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Software Review-Showbiz Budgeting

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What You SeeMedia Services’ Showbiz Budgeting is lots more than monitor-candy. Unusually smart and clever, it manages budgeting tricks like you’ve never seen before.From its roots in budgeting commercials, Showbiz has become a chameleon, assuming whatever look (and style) is needed. To the usual film templates, add AICP (Association of Independent Commercial Producers) and AICE (Association of Independent Creative Editors) forms, plus forms for such categories as foreign productions, animations, stills and documentaries. Future plans call for templates (as well as the program itself) to be written in Spanish, Russian and French.Oddly, its pretty face comes undone at the Top Sheet (here dubbed the Summary) where gray replaces a rainbow of colors.Come work time, you’ll have to fetch your own budget—your latest work won’t open by default with the program. Too bad.What You GetOther budgeting programs give you their unique view of the work process; Showbiz delivers an entirely new paradigm. There is nothing else like it because of two fundamental advances it has made.To begin, Showbiz doesn’t just act like many different programs, it actually becomes those programs, with varying styles, formats and workflows. The feat is achieved by reinventing the role of the column. And the impact is huge.Traditional budgets list one item per row, breaking the item into smaller and smaller units (from Categories down to Accounts, Details and Sub-Details). Columns have always been used to enumerate things—how many, how much, how long.Showbiz has tucked all that information into a breakdown form that sits below the budget. Separating all the details into a separate section creates a new way of looking at a budget. And the view is refreshing.You can see more of your budget. And you can do new things. Once columns are freed from the minutia of math, they can be repurposed to group all sorts of data. And the results are wonderful.Columns are used to isolate such items as general costs (which can be green, for example), production in Florida (blue), a shoot in New York (peach) and a Totals column (pink). Not restricted to locations of course, columns might isolate TV episodes or production units, or prep vs. shoot, etc.Almost every program can whack a budget into sections (called Subgroups in Movie Magic and SubBudgets” in ProductionPro), but no other program can display every “sub” in an array like this. Adding a Totals column (on the right in pink) turns this view into a major winner, delivering breakdown information that’s easy to understand at a glance.Showbiz’s second remarkable feat is its ability to do Actuals. That is, it tracks real costs against estimates, showing exactly where you stand vis-à-vis the budget.Of course, any budgeting program can track actuals—it’s an old indie trick that’s been around since MM ran in DOS. Showbiz, however, turns that old plum into a full subset of the program, adding serious tools to track Petty Cash, write Purchase Orders and access vendor information. This is a major advance for every self-contained show.What’s GoodA chameleon at heart, Showbiz shifts from AICP forms to feature budgeting with every essential doodad intact.Instant adaptability makes it ideal for every production office that shoots features today, commercials tomorrow and industrials the day after.Details can be entered into the below-the-budget form. Or directly into the budget at the Account level. That’s revolutionary and a huge timesaver when your only details are “allow” or “flat.” What’s BadExploring new paradigms may be exciting, but getting your head wrapped around Showbiz requires some serious mental adjustments.The difficultly isn’t helped by inconsistencies in the program. Some items, for example, sort with a click on the column. Others move with an up-down arrow. And some can’t be sorted at all.There are no Tool Tips or context-sensitive F1 help. Icons and toolbars can’t be changed.Globals won’t do math; not a lick. They merely accept a single number. There’s no way to total various shooting phases like PREP + SHOOT + WRAP and call it ALL for easy budget entry (and updates). Globals can’t even do math within the budget. That leaves no way to enter a late-arriving assistant for PREP/2 weeks.Globals and math are so tightly integrated that it’s amazing how a program this good could have missed something so basic and essential.BonusColumns in Showbiz can reference a range of other columns. That allows the budget to calculate across any group of Accounts. Use it for finders fees or a surcharge or a per-episode portion of amortized costs. It’s handy, versatile and (as far as I know) unique.Company-specific headers and entire lists of vendors can be moved from job to job. That’s ideal for anyone who shifts about, estimating here one week, shooting there the next.Look for an upcoming interface with QuickBooks. Expect (minimally) an easy export of the Chart of Accounts plus (presumably) the budget numbers and any actual costs.Who It’s ForUse Showbiz Budgeting if your work shifts between commercials, docs and features. It’s the only program that can track actuals and handle petty cash. And it’s for anyone who wants to explore a new, more effective way to make a budget.Look for frequent sales to buy this impressive program. You’ll need extra time to learn its myriad features and know that the next upgrade will likely turn this into a top-tier program. If you prefer, pick up the free 30-day trial first. Either way, it’s worth the effort.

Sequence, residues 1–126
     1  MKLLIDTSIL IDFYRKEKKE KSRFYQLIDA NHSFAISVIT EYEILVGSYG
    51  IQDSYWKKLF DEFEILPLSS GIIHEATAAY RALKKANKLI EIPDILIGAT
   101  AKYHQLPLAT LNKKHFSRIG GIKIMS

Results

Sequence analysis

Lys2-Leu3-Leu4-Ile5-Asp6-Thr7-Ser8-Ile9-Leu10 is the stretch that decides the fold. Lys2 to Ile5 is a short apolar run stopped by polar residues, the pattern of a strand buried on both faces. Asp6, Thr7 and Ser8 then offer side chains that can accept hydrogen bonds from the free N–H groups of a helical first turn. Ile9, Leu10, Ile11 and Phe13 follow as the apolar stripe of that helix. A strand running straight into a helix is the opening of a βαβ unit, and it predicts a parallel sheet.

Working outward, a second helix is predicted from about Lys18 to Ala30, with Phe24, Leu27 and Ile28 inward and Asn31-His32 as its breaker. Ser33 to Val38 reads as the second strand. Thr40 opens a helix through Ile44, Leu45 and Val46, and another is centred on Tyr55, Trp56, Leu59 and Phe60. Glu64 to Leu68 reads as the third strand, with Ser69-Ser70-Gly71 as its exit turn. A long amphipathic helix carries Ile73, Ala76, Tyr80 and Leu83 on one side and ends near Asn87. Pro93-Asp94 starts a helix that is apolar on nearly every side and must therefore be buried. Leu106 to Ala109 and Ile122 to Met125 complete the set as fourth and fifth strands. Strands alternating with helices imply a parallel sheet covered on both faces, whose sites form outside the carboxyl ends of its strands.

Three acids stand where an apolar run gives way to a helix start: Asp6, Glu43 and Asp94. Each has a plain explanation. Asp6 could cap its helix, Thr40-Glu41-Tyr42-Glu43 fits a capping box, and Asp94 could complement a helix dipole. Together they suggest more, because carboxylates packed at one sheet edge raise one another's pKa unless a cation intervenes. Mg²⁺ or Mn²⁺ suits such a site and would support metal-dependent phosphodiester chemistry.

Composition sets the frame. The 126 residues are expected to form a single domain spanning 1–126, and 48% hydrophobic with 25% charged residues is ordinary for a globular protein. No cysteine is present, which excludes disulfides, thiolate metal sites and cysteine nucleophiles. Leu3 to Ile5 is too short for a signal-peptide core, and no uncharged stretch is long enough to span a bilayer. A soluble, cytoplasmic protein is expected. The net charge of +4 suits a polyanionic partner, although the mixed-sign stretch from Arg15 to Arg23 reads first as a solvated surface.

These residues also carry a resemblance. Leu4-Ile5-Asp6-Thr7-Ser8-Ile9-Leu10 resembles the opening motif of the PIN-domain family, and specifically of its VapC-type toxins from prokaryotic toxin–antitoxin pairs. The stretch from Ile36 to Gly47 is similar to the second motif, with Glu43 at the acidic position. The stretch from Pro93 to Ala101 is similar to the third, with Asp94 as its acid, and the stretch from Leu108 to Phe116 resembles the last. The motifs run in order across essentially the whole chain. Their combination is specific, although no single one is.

Written by Norman Berns

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